In the weeks leading up to this year's NRWA conference, the government sequester led numerous government agencies — including several that provide career services — to cut their budgets, including funds available for employees to attend conferences and online trainings.
On the NRWA E-List, a government employee expressed her regrets that she would not be in Chicago next week because her agency did not have the funds to send her. A self-employed resume writer replied that she should consider paying to attend the conference herself.
I've thought about this for a few weeks now, and wanted to address this topic in a blog post.
As a self-employed resume writer myself, I've never had the luxury of applying for training funds to cover my professional association dues, online training program registration fees, or conference expenses (including airfare, hotel rental, conference registration, and meals/entertainment).
When I choose to participate in these activities, I am making an investment in myself, my business … and, most important, my clients. When times are tight, I might only invest a small amount — buying a new reference book or two, registering for a NRWA teleseminar (only $19.99 as a member), or one of Wendy and Louise's E-Summits (for $69).
But every couple of years at least, I invest more. Next week, I'll be in Chicago for the NRWA conference. The investment will be significant. Usually, I estimate that conference attendance for one person averages $1200 (including transportation, hotel, meals, and conference registration fees). The Chicago conference will be substantially more for me, not only because I'm bringing along my husband (it will be his fourth conference, but the first one he's actually registered to attend the sessions), we're exhibiting (to promote Resume Writers' Digest and BeAResumeWriter.com), and the discounted rate at the Courtyard by Marriott Magnificent Mile Downtown Chicago is $184/night plus tax.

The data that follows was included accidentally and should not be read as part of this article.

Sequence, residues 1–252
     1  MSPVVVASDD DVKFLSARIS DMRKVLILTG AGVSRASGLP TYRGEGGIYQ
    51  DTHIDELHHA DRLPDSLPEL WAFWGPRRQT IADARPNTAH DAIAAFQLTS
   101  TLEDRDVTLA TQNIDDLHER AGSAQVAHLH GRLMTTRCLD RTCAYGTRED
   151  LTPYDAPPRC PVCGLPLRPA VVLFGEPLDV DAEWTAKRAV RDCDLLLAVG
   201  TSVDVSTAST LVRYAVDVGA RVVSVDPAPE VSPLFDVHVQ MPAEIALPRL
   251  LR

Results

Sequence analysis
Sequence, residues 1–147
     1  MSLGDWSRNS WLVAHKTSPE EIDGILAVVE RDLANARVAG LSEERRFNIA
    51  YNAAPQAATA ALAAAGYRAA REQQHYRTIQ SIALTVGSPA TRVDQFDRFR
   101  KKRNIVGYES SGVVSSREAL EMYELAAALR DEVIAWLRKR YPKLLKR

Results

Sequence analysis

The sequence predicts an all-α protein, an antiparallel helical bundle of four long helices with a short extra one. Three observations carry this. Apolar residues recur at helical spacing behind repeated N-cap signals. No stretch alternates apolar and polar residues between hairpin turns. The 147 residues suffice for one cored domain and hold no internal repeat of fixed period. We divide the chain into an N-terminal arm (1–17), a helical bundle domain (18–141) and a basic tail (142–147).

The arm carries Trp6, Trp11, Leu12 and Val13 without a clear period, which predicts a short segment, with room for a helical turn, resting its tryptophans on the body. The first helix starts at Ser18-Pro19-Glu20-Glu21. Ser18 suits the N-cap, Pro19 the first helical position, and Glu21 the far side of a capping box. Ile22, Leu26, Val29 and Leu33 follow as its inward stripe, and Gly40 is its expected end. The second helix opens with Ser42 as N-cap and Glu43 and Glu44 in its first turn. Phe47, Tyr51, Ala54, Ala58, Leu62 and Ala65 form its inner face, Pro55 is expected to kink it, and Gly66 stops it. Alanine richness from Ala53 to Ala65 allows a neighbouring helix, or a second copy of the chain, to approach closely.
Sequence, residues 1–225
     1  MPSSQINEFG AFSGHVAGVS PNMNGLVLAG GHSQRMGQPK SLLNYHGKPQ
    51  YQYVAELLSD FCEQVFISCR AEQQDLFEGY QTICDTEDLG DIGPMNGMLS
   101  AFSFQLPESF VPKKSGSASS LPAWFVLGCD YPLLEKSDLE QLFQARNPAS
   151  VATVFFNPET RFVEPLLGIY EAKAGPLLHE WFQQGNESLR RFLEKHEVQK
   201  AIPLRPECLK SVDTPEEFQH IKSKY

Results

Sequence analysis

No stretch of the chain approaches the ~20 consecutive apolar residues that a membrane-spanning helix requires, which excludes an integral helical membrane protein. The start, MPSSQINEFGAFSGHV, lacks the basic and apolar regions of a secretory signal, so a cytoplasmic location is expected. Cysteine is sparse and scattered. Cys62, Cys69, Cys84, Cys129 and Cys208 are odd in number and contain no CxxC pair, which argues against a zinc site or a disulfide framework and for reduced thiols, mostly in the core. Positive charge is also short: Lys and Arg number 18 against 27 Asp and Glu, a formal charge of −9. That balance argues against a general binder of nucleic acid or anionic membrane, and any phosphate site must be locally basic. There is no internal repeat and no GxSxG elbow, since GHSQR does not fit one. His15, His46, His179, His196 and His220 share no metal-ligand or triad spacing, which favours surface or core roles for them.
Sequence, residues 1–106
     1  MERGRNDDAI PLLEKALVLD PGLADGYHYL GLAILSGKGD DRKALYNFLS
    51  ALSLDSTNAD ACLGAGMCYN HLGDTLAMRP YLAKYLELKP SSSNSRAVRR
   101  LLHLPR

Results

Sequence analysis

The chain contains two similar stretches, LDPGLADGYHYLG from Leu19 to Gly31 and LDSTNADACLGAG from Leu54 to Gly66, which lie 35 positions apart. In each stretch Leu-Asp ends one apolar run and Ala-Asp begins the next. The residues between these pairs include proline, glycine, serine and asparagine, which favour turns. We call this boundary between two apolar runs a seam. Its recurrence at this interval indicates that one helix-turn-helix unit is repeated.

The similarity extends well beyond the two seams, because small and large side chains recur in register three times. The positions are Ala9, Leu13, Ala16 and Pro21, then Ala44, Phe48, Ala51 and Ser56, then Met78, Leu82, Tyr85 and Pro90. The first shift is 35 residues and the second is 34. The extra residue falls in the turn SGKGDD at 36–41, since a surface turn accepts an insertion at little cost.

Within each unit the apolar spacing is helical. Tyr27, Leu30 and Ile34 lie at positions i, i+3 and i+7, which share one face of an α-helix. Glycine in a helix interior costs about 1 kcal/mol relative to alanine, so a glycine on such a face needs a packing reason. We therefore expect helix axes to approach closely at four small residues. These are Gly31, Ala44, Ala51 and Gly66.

I wrote a blog post earlier this year about "If You Want to Keep Earning, You Need to Keep Learning."
The same is true for government employees. If your agency has cut its training budget, consider making a personal investment in your skill development. For one thing, your clients will benefit. Second, YOU will benefit. Not only will you improve your knowledge, but you'll also be gaining networking connections and marketing skills that can benefit you should your job be in jeopardy from further government cuts. You can write resumes and see clients as a part-time job, and if you are furloughed, you can make up lost income through private work.
It's probably too late for you to sign up for Chicago, but the Career Directors International conference is coming up in October, and Career Thought Leaders is returning to an in-person format in Baltimore (plus an online component) next March.
If you're a government employee, an employee of a college or university, or a self-employed resume writer … invest in yourself!